Taking minutes of meetings is administrative good practice. It creates a record of what has been agreed, and by whom; and of what is to be done, by when and by whom.
For such a basic aspect of the administration of business of all kinds, it is surprising that there is relatively little formal guidance about how this might most effectively be done. As part of a general update of our guidance for members, ICSA: The Governance Institute had been looking at this area and were struck by the changes in practice that have developed over time.
Traditionally, company board meetings are the internal decision-making forum of the company and the proper purpose of minutes has been seen as a long-term internal record of those meetings, for the benefit of the board rather than for any third party. Increasingly, however, they are being seen to fulfil additional functions.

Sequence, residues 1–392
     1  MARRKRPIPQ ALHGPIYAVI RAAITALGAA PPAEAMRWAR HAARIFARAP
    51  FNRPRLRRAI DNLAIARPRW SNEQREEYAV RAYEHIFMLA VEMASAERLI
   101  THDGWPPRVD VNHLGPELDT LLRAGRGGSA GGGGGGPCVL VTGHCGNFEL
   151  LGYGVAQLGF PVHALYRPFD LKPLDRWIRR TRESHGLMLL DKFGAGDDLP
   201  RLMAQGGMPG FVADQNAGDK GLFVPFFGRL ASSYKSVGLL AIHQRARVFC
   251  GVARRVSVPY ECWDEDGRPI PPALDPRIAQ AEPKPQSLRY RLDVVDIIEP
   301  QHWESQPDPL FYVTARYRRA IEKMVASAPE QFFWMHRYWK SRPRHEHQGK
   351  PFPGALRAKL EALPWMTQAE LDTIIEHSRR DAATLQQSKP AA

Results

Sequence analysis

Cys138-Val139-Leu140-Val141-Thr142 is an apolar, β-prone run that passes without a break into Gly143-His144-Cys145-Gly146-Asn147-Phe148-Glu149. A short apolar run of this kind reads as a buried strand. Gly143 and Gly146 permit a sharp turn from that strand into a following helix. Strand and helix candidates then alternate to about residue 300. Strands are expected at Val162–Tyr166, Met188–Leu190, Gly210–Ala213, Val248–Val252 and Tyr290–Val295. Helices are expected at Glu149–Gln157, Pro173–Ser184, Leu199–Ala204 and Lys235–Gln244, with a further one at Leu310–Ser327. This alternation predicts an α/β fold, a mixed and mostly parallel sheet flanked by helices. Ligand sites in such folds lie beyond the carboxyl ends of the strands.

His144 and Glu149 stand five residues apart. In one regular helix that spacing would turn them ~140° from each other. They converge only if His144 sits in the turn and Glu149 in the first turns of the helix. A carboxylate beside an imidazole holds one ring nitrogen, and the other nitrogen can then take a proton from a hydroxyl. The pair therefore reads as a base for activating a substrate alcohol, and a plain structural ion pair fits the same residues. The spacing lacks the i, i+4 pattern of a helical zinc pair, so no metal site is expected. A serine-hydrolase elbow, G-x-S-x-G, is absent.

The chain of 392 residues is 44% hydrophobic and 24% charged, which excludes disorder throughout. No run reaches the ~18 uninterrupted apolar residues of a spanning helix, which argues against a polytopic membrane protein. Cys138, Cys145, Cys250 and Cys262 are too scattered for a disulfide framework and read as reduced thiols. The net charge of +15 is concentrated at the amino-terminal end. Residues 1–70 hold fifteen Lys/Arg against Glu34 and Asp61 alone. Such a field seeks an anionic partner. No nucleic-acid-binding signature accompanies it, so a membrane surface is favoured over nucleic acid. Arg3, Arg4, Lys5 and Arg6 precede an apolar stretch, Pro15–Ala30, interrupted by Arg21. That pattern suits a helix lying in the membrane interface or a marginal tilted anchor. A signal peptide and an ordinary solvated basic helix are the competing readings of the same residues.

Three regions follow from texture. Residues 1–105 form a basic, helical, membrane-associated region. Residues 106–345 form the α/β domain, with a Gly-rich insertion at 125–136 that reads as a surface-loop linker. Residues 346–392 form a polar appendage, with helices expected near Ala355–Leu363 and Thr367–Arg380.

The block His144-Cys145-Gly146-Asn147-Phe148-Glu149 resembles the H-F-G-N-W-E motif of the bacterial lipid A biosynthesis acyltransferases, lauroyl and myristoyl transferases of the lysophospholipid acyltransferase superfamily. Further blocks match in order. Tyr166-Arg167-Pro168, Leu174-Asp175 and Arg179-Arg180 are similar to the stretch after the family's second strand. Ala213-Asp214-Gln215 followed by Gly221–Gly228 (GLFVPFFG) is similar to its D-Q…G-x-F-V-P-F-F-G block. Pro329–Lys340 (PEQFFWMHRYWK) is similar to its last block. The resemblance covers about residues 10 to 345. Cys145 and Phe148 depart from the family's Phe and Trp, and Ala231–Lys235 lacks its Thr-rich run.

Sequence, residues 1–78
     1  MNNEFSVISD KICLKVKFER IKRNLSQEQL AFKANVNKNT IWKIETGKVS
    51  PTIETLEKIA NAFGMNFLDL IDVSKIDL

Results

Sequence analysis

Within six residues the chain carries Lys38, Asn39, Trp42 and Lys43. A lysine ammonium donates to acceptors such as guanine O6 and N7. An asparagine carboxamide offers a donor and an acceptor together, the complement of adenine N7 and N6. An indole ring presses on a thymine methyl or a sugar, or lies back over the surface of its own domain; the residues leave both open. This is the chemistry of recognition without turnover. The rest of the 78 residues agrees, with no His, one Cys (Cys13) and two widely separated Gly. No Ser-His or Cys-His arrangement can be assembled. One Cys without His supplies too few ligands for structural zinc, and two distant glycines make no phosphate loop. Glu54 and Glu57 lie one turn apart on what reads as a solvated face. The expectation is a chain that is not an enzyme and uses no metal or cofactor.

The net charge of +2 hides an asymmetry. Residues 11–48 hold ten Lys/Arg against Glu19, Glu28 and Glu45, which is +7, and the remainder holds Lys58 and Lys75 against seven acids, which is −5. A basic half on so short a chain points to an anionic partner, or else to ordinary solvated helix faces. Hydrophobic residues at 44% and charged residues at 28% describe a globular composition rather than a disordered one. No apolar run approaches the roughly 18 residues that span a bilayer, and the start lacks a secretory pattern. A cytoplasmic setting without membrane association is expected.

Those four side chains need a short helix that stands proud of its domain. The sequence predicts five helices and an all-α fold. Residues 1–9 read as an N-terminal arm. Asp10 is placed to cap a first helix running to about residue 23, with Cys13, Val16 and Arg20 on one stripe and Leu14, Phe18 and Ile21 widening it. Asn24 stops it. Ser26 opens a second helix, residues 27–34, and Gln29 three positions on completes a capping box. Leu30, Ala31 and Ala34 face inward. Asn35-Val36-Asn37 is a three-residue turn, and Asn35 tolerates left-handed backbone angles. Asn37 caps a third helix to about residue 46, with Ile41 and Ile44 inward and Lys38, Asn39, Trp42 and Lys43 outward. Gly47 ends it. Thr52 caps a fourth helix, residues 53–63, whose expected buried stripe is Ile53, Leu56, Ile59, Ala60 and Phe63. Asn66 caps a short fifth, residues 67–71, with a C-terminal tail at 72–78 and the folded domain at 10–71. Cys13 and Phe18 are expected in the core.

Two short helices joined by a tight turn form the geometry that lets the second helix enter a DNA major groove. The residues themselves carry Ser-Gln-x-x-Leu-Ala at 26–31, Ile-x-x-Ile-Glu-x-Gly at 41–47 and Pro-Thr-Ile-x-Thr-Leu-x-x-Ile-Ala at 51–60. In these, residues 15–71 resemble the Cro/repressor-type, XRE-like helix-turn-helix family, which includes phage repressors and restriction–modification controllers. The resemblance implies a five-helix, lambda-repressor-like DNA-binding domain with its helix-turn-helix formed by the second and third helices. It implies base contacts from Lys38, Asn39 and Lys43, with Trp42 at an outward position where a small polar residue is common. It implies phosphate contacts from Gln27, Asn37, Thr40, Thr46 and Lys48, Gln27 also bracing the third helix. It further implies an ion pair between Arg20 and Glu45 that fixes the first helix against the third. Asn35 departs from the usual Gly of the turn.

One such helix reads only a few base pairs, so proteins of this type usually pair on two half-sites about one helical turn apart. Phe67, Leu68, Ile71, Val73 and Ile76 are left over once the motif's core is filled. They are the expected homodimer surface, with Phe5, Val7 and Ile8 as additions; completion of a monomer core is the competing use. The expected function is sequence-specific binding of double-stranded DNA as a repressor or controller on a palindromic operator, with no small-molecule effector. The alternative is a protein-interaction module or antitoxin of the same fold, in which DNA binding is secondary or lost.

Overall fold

When we announced that we would be looking at this issue and asked for volunteers to help us do so we were overwhelmed by the response. More than 100 governance professionals from a variety of sectors indicated their willingness to help and their feedback has shown that there is a variety of practice both across sectors and the industry as a whole. In view of this interest and in view of the pace of development in company secretarial and governance practice, we have decided to seek input from those whose day to day work this is. This will ensure that our guidance on good practice reflects the reality of modern market practice on a cross-sectoral basis.
We are delighted by the interest shown in this important subject and would be very grateful for comments and responses to the questions that we have posed in this consultation document and any other comments on other issues relating to the minuting of meetings.